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It took us a few weeks to get our act together, but we did finally find the time to get together and install the lexan windshield. In our last blog entry we said that we had decided on 1/4″ material, but we struggled to find someone who could supply it in the correct size – it was always either too much material for too much money or not big enough. After a week or two of searching we finally found Clear 1 Racing. I spoke with PJ on the phone and via email a few times – very helpful guy – we appreciate their guidance. PJ suggested that 3/16″ material was more than enough for what we were doing and they just so happened to sell sheets in the size we needed. To top it off, their shipping rates for such a large piece of lexan was more than reasonable – I think it cost $11 for shipping. Total cost to us for a 32″x60″x3/16″ Lexan MR10 was $170 shipped. Add in some stainless steal nuts/bolts/washers and a rubber gasket and we had all the ingredients for some lexan windshield goodness.

I spent a few hours the weekend before the install cutting and shaping the lexan. I used the busted windshield as a template to trace a rough outline onto the masking paper of the lexan. Using a jig saw with a multi purpose blade and some care I cut the lexan without any troubles – I think the key is to use lower blade speeds and take your time. Sanding the edge of the lexan in order to fine tune the overall shape was quite a bit tougher than everyone described online. I tried using an orbital sander, a vibrating palm sander and a block of wood with sand paper all to no avail – they just didn’t remove enough material. The only tool that seemed to be able to do the trick was my bench top belt sander. It was a little tricky holding that large of a sheet vertically over the sander in order to shape the edge, but it did finally work out. After a few test fits and some additional shaping, the lexan sheet was ready to be installed.

We took Clear 1’s advice and installed a 1″x1/8″ thick rubber strip around the perimeter of the windshield opening. The rubber strip creates a nice level base for the lexan to sit on. We used black gasket maker to bond the rubber to the body of the car. I was a bit worried that the gasket maker wouldn’t adhere to the rubber so I did a few test strips that ultimately revealed that there wouldn’t be a problem. We used clothes pins to hold the rubber at the corner while the gasket maker cured. We let the gasket maker cure overnight as per its directions.

The next step was to drill the holes in the lexan. We purchased a special polycarbonate drill bit to do this because we heard several horror stories of cracking the lexan with ordinary metal drill bits. We divided up the spacing of the holes evenly throughout – the spacing ended up being somewhere between 4 and 5 inches depending on the side.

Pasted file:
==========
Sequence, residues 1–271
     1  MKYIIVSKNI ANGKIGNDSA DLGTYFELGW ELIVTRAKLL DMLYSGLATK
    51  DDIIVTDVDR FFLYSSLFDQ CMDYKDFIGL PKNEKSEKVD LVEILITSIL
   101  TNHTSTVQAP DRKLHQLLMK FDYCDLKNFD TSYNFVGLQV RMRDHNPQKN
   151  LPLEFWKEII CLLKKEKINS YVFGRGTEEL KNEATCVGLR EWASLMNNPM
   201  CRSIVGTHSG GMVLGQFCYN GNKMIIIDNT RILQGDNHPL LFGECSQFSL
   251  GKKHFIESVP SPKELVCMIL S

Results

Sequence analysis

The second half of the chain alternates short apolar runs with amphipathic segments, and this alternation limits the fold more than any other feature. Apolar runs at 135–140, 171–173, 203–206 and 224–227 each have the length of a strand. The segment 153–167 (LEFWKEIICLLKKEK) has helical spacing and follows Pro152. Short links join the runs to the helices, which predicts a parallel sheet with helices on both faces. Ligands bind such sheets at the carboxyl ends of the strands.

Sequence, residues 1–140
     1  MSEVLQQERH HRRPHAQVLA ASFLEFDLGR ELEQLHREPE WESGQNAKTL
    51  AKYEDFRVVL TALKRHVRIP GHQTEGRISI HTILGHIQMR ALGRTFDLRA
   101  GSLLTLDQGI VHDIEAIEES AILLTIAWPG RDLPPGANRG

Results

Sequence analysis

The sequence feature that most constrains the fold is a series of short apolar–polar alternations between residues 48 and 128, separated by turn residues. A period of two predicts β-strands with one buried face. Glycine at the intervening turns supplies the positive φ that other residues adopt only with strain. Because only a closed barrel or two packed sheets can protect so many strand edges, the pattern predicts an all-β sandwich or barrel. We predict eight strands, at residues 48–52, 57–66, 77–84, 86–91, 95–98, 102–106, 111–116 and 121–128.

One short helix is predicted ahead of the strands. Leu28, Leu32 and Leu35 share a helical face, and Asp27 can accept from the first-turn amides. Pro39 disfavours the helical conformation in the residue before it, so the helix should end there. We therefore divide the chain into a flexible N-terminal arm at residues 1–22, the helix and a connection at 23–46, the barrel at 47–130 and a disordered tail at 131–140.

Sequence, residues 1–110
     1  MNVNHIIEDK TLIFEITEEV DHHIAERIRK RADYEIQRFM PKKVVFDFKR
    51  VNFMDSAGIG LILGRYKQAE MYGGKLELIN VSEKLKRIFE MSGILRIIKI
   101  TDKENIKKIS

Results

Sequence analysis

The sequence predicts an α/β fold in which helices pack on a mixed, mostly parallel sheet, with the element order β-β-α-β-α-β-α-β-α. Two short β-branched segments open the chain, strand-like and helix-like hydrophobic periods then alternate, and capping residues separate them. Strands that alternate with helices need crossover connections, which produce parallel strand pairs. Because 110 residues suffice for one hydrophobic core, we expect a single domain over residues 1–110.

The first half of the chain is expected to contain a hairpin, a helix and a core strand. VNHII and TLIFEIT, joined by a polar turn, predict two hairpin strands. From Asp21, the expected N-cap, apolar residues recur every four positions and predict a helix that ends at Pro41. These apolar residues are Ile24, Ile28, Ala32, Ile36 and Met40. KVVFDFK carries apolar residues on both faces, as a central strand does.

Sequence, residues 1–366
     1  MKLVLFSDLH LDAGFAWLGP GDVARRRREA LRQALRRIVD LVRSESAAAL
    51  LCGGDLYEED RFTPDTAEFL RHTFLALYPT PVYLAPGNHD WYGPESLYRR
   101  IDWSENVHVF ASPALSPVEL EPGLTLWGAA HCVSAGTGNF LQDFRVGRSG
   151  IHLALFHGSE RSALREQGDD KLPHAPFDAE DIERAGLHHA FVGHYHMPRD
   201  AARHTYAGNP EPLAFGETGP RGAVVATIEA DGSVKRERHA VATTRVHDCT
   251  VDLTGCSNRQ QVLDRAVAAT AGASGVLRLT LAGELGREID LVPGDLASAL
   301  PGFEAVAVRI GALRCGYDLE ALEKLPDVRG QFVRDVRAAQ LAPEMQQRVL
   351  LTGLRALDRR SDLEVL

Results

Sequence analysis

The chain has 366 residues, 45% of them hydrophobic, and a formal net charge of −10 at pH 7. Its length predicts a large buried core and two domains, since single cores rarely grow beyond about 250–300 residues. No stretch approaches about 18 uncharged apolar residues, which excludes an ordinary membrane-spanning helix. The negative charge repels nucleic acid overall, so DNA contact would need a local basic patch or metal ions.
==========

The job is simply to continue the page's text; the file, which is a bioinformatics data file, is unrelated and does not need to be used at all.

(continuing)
Once the holes were all drilled in the lexan, we placed the windshield back in the opening, centered it and secured it in place. Now using a metal drill bit, we drilled through the rubber and metal of the body through the holes we had just drilled in the lexan.

Once all the holes were drilled in the body of the car, the next step was to paint a black border on the inside of the lexan. Thinking that we needed to use a tape that would curve very easily, we used a few different pin masking tapes, all with no success. It was just too hard to create a nice clean curve to match the shape of the windshield with 1/4″ wide masking tape. In the end, 1″ blue painter’s tape was the best material for the job. It stretched just enough to match the curve of the windshield but wide enough to not create any obvious bumps. We did 1-1/4″ top and sides and 3″ bottom borders. As you can see in the photo, we left the majority of the lexan masking in tact so that we didn’t have to re-mask for painting purposes.

Sanding off the MR10 scratch resistant coating was a bit of a challenge, but the vibrating palm sander seemed to do the trick with a little extra pressure. The real trick is sanding as close to the masking tape as possible without destroying that wonderful tape edge you just carefully created. After wiping down the lexan with some rubbing alcohol we put down one light coat of black enamel, followed by two medium coats.

Although we won’t be hitting speeds in access of 140 mph and a center brace isn’t totally necessary, we did have the material on hand and figured it couldn’t hurt to have it just in case. We added a couple layers of that same rubber we used around the perimeter of the windshield to the top of the aluminum u-channel so that the windshield would have something to sit on. Finally, we painted the center brace matte black to match the rest of the car.

The moment of truth. Everything was in place, all the holes were drilled (and countersunk where required), the paint was dry, the center brace was in place… time to drop in the windshield. We added a dab of gasket maker at each hole to help prevent water penetration at the holes and using stainless steal, 4mm, flat head screws, secured the new lexan windshield into place. We had to use self tapping screws (#8’s) at the bottom since there was no access to the back of the screws to add a washer and nut.

A couple overalls

We plan to go back and do a nice bead of silicone around the perimeter to fill the gap between the body of the car and the lexan to waterproof the setup.

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